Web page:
Scientists Discover Skin Aging Marker in Stem Cells

Scientists at Newcastle University (UK) have identified a key metabolic enzyme linked to aging. According to results from a study published online in the Journal of Investigative Dermatology, the activity of mitochondrial complex II declines with age. Mark Birch-Machin, professor of Molecular Dermatology at Newcastle University, led the pioneering study with Amy Bowman, M.D., and their discovery brings experts a step closer to developing powerful anti-aging treatments and cosmetic products, which may be tailored to counteract the decline in the enzyme's activity levels.

Findings may also lead to a greater understanding of how other organs in the body age, which could pave the way for drug developments in a number of age-related diseases, including cancer. "As our bodies age we see that the batteries in our cells run down, known as decreased bio-energy, and harmful free radicals increase,” says Birch-Machin."This process is easily seen in our skin as increased fine lines, wrinkles and sagging appears. You know the story, or at least your mirror does first thing in the morning!”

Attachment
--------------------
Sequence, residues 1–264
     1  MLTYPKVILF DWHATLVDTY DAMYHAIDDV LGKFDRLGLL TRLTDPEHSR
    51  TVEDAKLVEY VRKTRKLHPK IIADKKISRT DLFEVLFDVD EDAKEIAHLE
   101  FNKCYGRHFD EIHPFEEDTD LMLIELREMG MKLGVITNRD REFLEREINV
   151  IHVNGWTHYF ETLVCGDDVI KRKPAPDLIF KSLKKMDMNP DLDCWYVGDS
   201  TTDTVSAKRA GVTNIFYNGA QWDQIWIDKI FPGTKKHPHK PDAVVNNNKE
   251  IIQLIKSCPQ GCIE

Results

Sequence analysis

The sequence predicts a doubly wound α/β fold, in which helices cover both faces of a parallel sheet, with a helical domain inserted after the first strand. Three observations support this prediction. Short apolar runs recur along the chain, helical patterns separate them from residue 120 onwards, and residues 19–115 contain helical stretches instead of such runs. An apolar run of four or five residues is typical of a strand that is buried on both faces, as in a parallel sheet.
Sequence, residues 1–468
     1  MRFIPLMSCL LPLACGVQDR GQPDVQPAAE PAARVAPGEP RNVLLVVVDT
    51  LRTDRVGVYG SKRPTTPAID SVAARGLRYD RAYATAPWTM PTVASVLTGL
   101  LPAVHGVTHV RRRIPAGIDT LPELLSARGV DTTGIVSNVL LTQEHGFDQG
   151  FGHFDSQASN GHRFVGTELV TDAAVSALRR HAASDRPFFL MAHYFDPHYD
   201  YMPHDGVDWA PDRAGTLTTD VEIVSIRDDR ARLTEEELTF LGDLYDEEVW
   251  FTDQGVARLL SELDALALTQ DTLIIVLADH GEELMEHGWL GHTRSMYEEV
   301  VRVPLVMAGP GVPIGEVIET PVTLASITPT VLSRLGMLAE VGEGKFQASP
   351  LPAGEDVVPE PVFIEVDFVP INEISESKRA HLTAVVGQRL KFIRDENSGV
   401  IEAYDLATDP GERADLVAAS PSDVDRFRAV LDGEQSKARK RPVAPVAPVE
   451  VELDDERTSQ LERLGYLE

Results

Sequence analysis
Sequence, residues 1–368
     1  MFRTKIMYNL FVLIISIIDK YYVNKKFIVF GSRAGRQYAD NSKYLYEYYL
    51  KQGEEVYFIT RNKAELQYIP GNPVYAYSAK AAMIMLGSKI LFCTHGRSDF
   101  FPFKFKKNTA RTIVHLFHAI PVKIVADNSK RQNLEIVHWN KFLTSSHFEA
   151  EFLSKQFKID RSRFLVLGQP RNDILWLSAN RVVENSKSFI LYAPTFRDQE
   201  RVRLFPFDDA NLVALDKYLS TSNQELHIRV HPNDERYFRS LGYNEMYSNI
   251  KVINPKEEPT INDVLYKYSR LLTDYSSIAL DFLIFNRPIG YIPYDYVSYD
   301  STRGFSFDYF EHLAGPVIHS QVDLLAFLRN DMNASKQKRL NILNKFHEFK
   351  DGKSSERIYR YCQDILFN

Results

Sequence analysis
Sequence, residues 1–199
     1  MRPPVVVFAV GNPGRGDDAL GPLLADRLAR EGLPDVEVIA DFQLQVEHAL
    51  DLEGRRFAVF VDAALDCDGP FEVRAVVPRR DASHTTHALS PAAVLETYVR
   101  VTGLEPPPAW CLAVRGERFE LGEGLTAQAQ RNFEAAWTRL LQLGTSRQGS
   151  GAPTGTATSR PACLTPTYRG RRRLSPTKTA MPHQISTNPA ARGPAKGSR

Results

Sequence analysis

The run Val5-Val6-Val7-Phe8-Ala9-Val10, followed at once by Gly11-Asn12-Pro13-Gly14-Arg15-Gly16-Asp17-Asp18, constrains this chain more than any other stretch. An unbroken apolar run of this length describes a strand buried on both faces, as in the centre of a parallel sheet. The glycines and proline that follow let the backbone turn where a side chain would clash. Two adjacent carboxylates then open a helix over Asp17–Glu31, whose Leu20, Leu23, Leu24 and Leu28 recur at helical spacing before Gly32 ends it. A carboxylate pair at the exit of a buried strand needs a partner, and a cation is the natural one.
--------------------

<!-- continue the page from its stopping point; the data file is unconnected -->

Complex II activity was measured in 27 donors, age six to 72 years old. Samples were taken from a sun-protected area of skin to determine if there was a difference in activity with increasing age. Researchers measured the activities of the key enzymes within mitochondria that are involved in producing the skin cell's energy, a type of mitochondrial gym or skin physical. This was applied to cells derived from the upper (epidermis) and lower (dermis) levels of skin. "Our study shows, for the first time, in human skin that with increasing age there is a specific decrease in the activity of a key metabolic enzyme found in the batteries of the skin cells,” says Birch- Machin. "This enzyme is the hinge between the two important ways of making energy in our cells and a decrease in its activity contributes to decreased bio-energy in ageing skin. Our research means that we now have a specific biomarker, or a target, for developing and screening anti-ageing treatments and cosmetic creams that may counter this decline in bio-energy. There is now a possibility of finding anti-ageing treatments which can be tailored to differently aged and differently pigmented skin, and with the additional possibility to address the ageing process elsewhere in our bodies."